Photo by Mary Kroeck
The realities of using plastic bags and their effect on the environment should be enough to encourage consumers to find an alternative.
According to ecowatch.com’s “22 Facts About Plastic Pollution (And 10 Things We Can Do About It),” 10 metric tons of plastic fragments (grocery bags, bottles, etc.) is carried into the Pacific Ocean each day just from the Los Angeles area alone. That same report states that a typical American wastes approximately 185 pounds of plastic each year. Those statistics and some of the others on the list gross me out and make me kind of sad. I mean, 10 metric tons of waste a day times 365 days in a year equals 3,650 metric tons of waste going into the ocean each year. That’s the equivalent of over 8 million pounds of plastic fragment waste. If there’s that much waste coming solely from the Los Angeles area, I don’t even want to imagine what the total amount of waste would be for the world.
Given these facts, it seemed only natural that I would be in enthusiastic favor of the plastic bag ban in Chicago. The ban, also known as Article XXIII in Chicago’s Municipal Code, prohibits chain stores with more than 10,000 square feet of floor space from distributing single use plastic bags to customers as of Aug. 1, 2015. A ban of plastic bags for chain stores, which include those with less than 10,000 square feet of floor space, takes effect Aug. 1, 2016. Stores that do not comply with this measure are subject to fines ranging from $300 – $500 for each day of the violation.
However, there was a clause in the code article that I didn’t understand until August 1st rolled around. During the first week of the ban, a friend of mine went to Target and came back with plastic bags. They were a different kind of plastic bag though. According to the print on them, the bags could be used up to 125 times and were made with mostly recycled products. Now there are at least three of those bags in my friend’s possession. I don’t think he’s reused them once since then and, from what I gather, he doesn’t plan to. I can’t imagine that he’s alone.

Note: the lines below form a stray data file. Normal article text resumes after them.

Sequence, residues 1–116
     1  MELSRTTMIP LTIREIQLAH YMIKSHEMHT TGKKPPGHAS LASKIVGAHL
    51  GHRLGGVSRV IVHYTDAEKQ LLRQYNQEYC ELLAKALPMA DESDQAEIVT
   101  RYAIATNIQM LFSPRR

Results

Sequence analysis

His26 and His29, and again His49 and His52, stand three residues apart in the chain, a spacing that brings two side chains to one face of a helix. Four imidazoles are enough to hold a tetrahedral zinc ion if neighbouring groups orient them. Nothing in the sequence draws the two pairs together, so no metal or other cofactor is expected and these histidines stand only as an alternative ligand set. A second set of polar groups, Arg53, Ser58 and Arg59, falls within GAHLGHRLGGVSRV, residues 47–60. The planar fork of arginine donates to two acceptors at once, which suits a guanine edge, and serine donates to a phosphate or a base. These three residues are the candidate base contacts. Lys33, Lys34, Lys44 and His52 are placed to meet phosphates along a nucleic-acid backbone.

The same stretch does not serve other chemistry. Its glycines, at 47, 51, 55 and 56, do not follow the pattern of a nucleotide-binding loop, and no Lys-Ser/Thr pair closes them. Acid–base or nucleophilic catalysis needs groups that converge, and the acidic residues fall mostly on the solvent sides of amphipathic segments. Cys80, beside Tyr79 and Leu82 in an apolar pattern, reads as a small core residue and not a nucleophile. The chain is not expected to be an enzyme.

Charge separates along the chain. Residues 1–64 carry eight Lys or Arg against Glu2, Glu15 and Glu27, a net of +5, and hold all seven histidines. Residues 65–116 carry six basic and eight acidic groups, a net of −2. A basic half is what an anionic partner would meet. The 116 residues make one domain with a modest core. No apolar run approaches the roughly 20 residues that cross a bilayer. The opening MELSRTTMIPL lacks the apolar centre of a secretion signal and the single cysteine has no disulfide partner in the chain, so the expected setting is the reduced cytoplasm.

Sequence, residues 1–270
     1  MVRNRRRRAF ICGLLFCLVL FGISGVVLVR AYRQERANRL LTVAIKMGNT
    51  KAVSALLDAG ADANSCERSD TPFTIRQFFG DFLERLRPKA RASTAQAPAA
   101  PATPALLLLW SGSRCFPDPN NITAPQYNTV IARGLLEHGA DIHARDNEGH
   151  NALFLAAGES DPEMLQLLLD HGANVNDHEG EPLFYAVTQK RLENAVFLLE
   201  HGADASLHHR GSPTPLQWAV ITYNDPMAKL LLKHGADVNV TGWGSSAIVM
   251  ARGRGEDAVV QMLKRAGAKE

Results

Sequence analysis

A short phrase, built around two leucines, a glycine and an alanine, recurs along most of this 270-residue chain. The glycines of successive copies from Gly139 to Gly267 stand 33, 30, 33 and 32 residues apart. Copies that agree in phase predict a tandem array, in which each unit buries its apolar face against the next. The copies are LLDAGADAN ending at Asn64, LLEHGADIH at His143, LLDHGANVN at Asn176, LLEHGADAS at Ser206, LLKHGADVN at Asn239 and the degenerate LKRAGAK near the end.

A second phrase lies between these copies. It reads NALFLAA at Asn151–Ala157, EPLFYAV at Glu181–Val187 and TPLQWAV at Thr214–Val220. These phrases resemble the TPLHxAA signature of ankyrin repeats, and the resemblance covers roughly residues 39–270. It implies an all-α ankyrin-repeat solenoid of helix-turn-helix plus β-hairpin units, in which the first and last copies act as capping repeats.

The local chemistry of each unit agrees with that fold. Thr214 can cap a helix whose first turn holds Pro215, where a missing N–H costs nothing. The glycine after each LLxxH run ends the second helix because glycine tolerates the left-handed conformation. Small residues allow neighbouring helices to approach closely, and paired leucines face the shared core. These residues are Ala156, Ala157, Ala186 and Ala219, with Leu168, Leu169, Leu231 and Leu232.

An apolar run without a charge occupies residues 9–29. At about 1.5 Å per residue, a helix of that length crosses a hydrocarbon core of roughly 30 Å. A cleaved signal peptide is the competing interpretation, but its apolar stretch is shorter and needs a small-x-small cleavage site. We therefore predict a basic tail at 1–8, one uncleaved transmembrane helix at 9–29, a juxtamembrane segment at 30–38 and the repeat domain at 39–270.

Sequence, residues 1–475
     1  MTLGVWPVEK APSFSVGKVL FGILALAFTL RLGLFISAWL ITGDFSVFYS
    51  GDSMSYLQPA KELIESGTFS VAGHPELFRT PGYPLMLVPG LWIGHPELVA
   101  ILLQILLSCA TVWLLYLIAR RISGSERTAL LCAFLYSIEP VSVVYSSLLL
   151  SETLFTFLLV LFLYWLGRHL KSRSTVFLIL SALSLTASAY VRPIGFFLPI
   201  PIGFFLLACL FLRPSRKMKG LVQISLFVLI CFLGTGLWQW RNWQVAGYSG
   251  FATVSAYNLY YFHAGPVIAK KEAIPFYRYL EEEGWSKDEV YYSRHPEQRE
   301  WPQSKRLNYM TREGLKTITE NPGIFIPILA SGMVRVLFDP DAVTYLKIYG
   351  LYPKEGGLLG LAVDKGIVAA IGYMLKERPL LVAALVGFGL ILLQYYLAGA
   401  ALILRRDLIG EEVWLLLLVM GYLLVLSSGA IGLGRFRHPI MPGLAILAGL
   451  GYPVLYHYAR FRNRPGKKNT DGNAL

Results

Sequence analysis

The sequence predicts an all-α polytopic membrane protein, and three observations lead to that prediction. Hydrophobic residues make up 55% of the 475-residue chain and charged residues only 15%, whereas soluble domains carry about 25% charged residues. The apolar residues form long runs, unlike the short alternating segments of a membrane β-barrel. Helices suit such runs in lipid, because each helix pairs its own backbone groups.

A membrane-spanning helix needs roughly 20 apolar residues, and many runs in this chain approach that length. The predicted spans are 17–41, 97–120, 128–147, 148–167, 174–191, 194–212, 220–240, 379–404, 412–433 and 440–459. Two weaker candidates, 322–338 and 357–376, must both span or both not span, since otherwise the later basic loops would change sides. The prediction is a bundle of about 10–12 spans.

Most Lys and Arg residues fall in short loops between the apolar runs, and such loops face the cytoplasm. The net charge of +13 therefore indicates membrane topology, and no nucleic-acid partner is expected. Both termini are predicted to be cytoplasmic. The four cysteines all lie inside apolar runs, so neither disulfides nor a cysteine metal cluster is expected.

If everybody else who’s going to Target is getting these type of bags and won’t reuse them, don’t recycle them and just get more each time they shop, how does that change anything? Wal-Mart and other chain stores in the area have also opted to go with thicker plastic bags over giving customers paper bags. However, paper bags aren’t the greatest solution either as they tear easily, often don’t get reused or recycled either and the process of recycling them also has a pretty significant environmental impact. So, are we really stuck in a catch-22?
I think there may be another solution – bring your own bag. Seriously, invest in a good reusable bag. Find one at a yard sale, ask for them for your birthday or next gift-getting holiday. Spend $1 at the store and get one. Whatever you need to do – do it. Stop expecting stores to supply bags for you and think about the fact that polar bears are an endangered species. Do you really want to live in a world without polar bears? I don’t. What can we do to ensure that doesn’t happen? We can think more about climate change and what we can each do to minimize the waste that goes into the world.
Maybe the next time you’re out shopping and the clerk asks “paper or plastic,” you receive a discount just for saying,“Neither, thanks. I brought my own bags.” (Target and some other retailers give customers five cents off for every bag they bring and use for their purchase.)
If you still think the convenience of getting another paper or plastic bag, that you don’t reuse and don’t recycle, is more important than the small cost you might save at the register, I urge you to think about the polar bears – and hundreds of other species of animals impacted by climate change.